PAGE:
THUNDERBIRDS

Thunderbirds tentative in 4-2 Memorial Cup opening loss to Erie

May 20, 2017, 4:21 PM | Updated: 5:21 pm
Seattle's Carl Stankowski makes one of his 31 saves during the T-Birds 3-2 loss (Aaron Bell/CHL Ima...
Seattle's Carl Stankowski makes one of his 31 saves during the T-Birds 3-2 loss (Aaron Bell/CHL Images)
(Aaron Bell/CHL Images)

WINDSOR, Ontario – The Seattle Thunderbirds Memorial Cup debut on Saturday turned out to be a sloppy affair.

Whether it was nerves, the Erie Otters or the early start, the Thunderbirds turned the puck over too much, got off their game and dropped Game 1 by a 4-2 score. Seattle will not have much time to wallow in the loss as they are back in action Sunday evening against the host Windsor Spitfires.

“I think a bit of our identity wasn’t there and we’ll correct a few things,” Seattle head coach Steve Konowalchuk said after. “Our guys will be excited to get back at it. A good team over there and no surprises, they played well.”

Erie, the Ontario Hockey League champions, came out the gate firing and outshot Seattle 32-20 on the afternoon. Many of those shots were on good scoring chances and if not for the fine play of rookie Carl Stankowski, the game could have been out of hand for the T-Birds.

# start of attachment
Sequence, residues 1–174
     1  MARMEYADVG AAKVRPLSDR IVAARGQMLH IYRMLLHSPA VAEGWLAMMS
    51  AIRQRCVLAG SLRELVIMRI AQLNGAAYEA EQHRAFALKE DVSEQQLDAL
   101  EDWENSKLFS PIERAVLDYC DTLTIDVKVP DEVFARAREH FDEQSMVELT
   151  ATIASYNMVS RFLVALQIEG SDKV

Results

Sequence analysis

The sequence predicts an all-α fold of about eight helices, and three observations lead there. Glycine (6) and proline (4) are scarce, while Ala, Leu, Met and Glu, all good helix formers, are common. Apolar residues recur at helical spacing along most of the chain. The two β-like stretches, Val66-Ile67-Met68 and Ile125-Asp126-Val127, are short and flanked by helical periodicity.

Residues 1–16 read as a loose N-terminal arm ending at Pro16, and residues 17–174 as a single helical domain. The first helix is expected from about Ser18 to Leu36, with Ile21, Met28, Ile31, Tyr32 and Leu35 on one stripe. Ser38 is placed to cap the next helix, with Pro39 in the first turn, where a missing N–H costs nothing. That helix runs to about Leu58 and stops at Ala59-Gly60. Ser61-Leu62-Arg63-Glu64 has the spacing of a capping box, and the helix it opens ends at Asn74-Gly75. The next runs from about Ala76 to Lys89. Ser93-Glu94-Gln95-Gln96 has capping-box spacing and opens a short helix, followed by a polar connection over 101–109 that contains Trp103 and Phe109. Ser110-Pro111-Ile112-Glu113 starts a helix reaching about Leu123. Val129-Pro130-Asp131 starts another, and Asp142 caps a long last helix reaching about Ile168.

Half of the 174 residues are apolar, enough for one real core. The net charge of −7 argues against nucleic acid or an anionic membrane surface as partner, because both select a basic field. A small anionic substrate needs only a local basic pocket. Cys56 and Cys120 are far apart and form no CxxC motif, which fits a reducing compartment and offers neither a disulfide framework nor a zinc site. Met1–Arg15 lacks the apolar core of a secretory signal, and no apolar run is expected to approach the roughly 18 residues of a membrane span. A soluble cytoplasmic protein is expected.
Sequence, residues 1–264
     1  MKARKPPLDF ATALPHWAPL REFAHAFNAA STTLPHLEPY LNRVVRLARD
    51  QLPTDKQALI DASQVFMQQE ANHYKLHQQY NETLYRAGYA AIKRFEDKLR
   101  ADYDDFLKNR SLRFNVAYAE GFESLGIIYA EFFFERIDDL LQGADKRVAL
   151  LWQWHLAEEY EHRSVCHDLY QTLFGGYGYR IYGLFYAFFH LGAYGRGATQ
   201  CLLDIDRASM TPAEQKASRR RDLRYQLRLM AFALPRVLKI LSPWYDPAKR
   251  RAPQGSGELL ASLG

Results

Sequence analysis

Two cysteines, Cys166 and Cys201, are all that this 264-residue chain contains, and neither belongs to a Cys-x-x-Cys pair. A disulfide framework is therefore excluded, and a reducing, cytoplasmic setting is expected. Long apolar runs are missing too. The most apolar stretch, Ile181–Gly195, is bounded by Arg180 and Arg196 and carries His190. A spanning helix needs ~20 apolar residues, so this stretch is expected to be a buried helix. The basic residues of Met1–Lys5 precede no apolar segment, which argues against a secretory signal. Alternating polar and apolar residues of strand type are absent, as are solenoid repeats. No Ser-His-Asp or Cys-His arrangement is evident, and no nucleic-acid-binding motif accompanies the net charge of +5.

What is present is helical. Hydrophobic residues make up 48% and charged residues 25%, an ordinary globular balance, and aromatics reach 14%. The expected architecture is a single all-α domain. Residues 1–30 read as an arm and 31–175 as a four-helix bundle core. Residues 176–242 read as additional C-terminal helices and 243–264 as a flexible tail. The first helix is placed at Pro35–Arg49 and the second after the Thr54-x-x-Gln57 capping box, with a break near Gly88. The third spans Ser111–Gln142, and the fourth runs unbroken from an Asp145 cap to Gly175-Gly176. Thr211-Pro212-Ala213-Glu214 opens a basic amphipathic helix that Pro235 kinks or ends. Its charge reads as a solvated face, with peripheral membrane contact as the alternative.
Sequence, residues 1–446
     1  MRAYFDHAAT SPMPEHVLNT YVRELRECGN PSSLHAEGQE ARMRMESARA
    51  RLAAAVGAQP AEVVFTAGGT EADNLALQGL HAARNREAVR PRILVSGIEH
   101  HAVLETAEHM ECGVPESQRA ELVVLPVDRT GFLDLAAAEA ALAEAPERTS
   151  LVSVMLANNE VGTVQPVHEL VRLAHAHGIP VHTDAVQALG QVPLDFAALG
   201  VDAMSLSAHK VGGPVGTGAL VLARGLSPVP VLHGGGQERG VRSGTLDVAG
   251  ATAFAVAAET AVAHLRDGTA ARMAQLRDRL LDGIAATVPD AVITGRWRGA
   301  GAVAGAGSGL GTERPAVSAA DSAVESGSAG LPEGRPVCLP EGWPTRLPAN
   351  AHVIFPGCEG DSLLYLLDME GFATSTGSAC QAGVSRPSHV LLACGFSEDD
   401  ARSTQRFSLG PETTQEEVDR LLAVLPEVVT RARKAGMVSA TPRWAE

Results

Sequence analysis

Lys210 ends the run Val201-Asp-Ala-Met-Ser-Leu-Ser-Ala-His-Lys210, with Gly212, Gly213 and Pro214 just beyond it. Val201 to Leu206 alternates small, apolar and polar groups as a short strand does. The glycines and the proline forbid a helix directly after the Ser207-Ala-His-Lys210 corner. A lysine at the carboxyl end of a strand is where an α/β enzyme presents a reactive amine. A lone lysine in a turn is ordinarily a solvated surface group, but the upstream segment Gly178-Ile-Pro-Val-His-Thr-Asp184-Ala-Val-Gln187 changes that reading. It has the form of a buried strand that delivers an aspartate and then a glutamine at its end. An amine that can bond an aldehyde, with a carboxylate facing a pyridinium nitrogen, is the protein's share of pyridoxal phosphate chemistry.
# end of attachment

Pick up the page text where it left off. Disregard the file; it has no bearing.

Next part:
The Seattle goalie ended the afternoon with 31 saves to give the Thunderbirds a chance. Erie was paced by leading scorer Alex DiBrincat who scored a goal while adding an assist. There were some good moments for the Thunderbirds, but to a man, they felt they didn’t play their best.

“We kind of sat back on the forecheck and let them use their skill,” Seattle co-captain Scott Eansor said. “I feel like that is not how we play. We want to play faster on the forecheck and be a puck possession team.”

The Thunderbirds started the game tentative and by throwing the puck away. Breakout passes were a struggle, plays in the neutral zone didn’t work and they were on their heels for much of the first period.

If not for some stellar saves by Stankowski, they might have found themselves in trouble early on.

“We didn’t want to tip toe,” Eansor said. “That was one of the things that we tried to say to the guys in the room. But it felt like we did, the first half of the game we were tip-toeing.”